Are the triple lock’s days numbered? Labour refuses to commit to key pension policy

Pensioners set for bumper pay rise – but cabinet minister says floor on payments ‘not sustainable’ in the long-term

Kate Devlin,Archie Mitchell
Tuesday 12 September 2023 17:26 BST
Angela Rayner refuses to commit to Labour keeping pensions triple lock

The future of the state pension “triple lock” appears in doubt after Angela Rayner joined Rishi Sunak in refusing to say whether the measure would stay after the next election.

A cabinet minister also warned the floor on payments was“not sustainable” in the long-term, while William Hague, the former Tory leader, called for it to be phased out.

It came as official figures showed pensioners are set for a more than 8 per cent boost next year after record wage growth continued, at a cost of billions.

Pay, including bonuses, grew by 8.5 per cent in the three months to July, meaning the state pension will rise by the same amount in April thanks to the lock – which commits ministers to an increase by whichever is highest – wage growth, inflation or 2.5 per cent.

Labour’s deputy leader Ms Rayner refused to commit to keeping the triple lock in place if Labour wins the next election, saying her party would not make “unfunded” spending commitments.

Speaking to BBC Breakfast, she promised Labour “will make sure pensioners and children and everyone in the UK can get on”.

At the weekend Mr Sunak also refused to pledge that his party’s next manifesto would contain a commitment to the triple lock.

Labour said the Conservatives promised to maintain the lock at the last election and urged the government to stick to that commitment.

Labour’s deputy leader Angela Rayner refused to commit to keeping the triple lock in place if Labour wins the next election (James Manning/PA)

“As Angela said, all future spending commitments for after the election will be laid out in our manifesto when we know the state of the public finances, as is usual practice.”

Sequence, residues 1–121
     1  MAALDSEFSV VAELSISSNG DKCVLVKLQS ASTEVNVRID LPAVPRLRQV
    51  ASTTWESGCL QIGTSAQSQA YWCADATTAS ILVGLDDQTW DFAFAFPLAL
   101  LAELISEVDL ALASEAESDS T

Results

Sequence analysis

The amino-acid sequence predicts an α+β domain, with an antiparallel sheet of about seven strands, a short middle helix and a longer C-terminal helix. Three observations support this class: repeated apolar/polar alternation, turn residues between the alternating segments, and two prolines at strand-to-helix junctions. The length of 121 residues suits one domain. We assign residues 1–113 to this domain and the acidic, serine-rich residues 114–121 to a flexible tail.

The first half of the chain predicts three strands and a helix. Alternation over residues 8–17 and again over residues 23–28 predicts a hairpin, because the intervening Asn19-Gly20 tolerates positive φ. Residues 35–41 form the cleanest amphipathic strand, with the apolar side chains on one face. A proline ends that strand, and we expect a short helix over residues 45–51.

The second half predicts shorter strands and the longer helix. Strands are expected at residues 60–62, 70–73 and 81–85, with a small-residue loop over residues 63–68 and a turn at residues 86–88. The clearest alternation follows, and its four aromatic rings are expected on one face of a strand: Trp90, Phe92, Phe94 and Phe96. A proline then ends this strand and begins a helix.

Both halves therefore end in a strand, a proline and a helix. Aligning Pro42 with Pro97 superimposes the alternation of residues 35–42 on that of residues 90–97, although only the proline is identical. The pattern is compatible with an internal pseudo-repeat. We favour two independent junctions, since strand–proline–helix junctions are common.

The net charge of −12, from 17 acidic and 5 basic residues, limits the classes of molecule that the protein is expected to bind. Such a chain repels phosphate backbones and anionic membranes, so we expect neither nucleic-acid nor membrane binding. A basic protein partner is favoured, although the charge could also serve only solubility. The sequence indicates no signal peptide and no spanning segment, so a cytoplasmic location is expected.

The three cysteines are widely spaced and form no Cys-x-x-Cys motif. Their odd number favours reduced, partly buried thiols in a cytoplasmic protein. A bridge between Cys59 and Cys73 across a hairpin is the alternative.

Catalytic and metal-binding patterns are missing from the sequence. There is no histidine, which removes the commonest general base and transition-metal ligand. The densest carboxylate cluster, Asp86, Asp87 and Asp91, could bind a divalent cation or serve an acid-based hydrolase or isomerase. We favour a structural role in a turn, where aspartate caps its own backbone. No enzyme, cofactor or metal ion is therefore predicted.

No 10 said the government “remained committed” to the triple lock, but would not be drawn on how much the state pension would rise, saying that would be set out later this autumn.

But work and pensions secretary Mel Stride told the BBC that that in the long-term the triple lock was “not sustainable”.

And he did not rule out using a lower figure - based on earnings without bonuses - of around 7.8 per cent.

Speaking to reporters during his trip to the G20 summit in India, Mr Sunak said: “We’re not going to speculate on the election manifesto now. I’ve got plenty to get on with between now and then.”

As a backlash grew, Sunak was accused of “screwing the last part of the Vote Leave coalition” by Boris Johnson’s former chief of staff Dominic Cummings.

Tuesday’s bumper wage growth figures will also pile pressure on the Bank of England to raise interest rates yet again later this month.

The squeeze on public finances, combined with sticky inflation, has also led Mr Hunt to warn it is “unlikely” there will be spare money for tax cuts in his autumn budget.

The chancellor said bringing down inflation remained his priority, and cutting taxes risked making matters worse.

In an interview with Bloomberg TV, Mr Hunt warned: “We have to be careful not to pump extra money into the economy, into people’s pockets, as that will pump up inflation.

Asked whether tax cuts were affordable, he said: “I think it’s unlikely because since the spring budget, when the last numbers were published, we’ve seen inflation stickier than was forecast at the time and that means that interest payments are high.”

Prime minister Rishi Sunak refused to pledge that his party’s next manifesto would contain a commitment to the triple lock (Frank Augstein/PA)

Responding to Tuesday’s wage growth figures, Mr Hunt said: “Wage growth remains high, partly reflecting one-off payments to public sector workers, but for real wages to grow sustainably we must stick to our plan to halve inflation.”

Think tank the Institute for Fiscal Studies (IFS) said the basic state pension is set to rise from its current £156.20 per week to £169.50.

A full new state pension – which those who reached state pension age since April 2016 can receive – would rise from £203.85 per week to £221.20, it said.

Associate director Jonathan Cribb said: “Since its introduction in 2010, the triple lock, together with the introduction of the new state pension, has significantly increased the generosity of the state pension relative to earnings.

“But this comes at a cost to public finances.”

The triple lock has added £11bn to public spending in 2023-24 compared to increasing the rate in line with prices or just earnings, the IFS said.

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